You show you are able to share and take turns by following things like the line leader list and choosing to play turn taking games. Through your actions you demonstrate an ability to take turns and work with other children. On the 3rd May you and Lainey were playing outside, jumping off the wall outside the purple classroom. First you were taking one turn each but then you suggested, “Let’s do 2 jumps each” and you both did this, then you moved to 3 each and finally 4 each. You negotiated this independently with each other with ease. When Lainey got a bit excited you gently reminded her that you were having 3 goes each and it was your turn. On 16th May when we were playing outside with the water you offered Lainey a boat and said, “We can have one each.”

However, I have noticed recently though that sometimes you find it harder to take on board other people’s ideas in your play, especially when you think you have a better idea. That’s natural, and I am sure with practice you will find it as easy to share ideas as you do to share toys!

What it means:

  • You understand what it means to share and take turns
  • You are able to suggest solutions for problems that arise in the classroom, sometimes without help
  • You can listen to stories and respond to them in ways that show understanding

Next steps:

In the future when conflict situations arise in his play we hope Will will feel confident negotiating sharing and suggesting and implementing solutions independently, using the strategies we have discussed and developed as a class to solve whole class problems. We also hope that Will apply his ability to share and take turns to negotiating play.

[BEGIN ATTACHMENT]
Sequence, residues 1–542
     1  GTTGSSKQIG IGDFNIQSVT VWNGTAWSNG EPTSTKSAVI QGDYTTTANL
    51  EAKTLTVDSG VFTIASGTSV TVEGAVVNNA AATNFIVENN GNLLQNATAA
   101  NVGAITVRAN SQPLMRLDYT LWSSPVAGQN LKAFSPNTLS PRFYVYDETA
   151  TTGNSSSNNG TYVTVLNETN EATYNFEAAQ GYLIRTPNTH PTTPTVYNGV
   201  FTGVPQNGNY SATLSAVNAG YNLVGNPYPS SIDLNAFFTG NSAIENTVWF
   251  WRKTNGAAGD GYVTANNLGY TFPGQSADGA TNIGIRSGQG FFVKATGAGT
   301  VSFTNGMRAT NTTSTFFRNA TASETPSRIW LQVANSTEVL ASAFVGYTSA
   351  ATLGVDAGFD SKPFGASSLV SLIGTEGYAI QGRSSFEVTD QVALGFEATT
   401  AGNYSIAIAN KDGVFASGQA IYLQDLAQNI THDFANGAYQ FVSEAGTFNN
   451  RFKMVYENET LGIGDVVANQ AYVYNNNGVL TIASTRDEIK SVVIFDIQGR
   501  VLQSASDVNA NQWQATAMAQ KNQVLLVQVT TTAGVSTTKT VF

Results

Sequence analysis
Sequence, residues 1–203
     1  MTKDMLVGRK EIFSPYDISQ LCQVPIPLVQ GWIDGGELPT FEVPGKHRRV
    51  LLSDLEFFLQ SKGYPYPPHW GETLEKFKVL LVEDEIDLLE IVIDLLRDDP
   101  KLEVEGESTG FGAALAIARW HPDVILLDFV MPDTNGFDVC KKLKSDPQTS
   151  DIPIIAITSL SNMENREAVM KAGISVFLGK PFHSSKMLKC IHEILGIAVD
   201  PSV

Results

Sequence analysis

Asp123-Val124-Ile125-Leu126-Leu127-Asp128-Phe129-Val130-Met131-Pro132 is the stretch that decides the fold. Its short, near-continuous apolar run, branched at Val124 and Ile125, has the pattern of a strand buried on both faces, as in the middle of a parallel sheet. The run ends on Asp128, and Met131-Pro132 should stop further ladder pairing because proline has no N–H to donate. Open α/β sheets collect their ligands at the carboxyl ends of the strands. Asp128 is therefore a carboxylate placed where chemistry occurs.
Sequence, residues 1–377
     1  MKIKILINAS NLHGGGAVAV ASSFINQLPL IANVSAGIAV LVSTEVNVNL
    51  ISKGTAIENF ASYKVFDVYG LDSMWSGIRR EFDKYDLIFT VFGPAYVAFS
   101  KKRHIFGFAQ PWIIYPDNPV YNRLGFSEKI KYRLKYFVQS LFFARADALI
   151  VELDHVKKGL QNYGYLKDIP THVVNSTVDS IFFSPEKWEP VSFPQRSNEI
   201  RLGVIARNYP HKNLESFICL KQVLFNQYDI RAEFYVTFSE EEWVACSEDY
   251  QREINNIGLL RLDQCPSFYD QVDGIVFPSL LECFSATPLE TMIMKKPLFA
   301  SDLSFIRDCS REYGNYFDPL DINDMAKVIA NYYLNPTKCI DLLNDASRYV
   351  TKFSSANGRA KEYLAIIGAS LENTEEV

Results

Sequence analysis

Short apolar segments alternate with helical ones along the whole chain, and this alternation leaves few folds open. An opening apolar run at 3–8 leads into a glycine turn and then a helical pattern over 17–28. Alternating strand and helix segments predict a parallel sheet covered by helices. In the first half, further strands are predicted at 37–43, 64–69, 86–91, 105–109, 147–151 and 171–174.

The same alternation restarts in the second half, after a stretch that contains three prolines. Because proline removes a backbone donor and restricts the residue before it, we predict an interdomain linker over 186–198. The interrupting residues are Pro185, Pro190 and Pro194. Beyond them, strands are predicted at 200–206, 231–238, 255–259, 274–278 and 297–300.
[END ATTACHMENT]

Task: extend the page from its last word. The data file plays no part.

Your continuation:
One thought on “Learning to Recognise and Solve Problems

  1. What an informative and interesting learning story, Will! I always love to hear about the activities you enjoy at school.

    The connections you made between books showed how great you are at listening and understanding how characters are feeling in stories. My favourite part of snuggling up and reading with you is hearing your own ideas about the characters and story. Do you remember the amazing connection you found between “Matilda” and “The Enormous Crocodile”? I almost fell off the couch with surprise when you recognised that Quentin Blake illustrated both books!

    I’ve noticed how much easier it is for you to play happily with your friends at home now that you’ve been learning and practicing conflict resolution, sharing and turn taking at school. It has been wonderful to watch you transfer your learning from school to home.

    At home, we have been trying really hard to negotiate when we want different hings or have different ideas from each other. I know that when we negotiate and try to find a way for both of us to get what we want, we are both happy. I don’t like being bossed around, it makes me feel sad. I know that you certainly don’t like it either! Do you think negotiation could work when sharing ideas and solutions with your friends?

    I really loved reading this learning story. As always, you make me the proudest mum in the entire world! I can’t believe how lucky I am that I get to be your mum. Love you to infinity and beyond!